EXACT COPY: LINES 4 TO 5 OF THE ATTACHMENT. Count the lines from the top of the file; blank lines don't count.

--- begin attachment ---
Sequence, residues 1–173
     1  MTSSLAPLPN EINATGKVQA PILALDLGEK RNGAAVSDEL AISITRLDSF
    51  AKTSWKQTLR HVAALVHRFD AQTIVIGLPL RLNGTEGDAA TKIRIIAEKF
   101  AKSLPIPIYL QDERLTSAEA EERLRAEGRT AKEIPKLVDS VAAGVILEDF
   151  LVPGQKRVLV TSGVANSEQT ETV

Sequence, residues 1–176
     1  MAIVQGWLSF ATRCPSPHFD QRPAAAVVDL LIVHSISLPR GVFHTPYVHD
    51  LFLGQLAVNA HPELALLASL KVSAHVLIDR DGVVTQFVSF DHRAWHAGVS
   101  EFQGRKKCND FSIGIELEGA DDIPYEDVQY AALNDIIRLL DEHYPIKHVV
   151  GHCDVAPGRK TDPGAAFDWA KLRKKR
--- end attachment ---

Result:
   101  AKSLPIPIYL QDERLTSAEA EERLRAEGRT AKEIPKLVDS VAAGVILEDF
   151  LVPGQKRVLV TSGVANSEQT ETV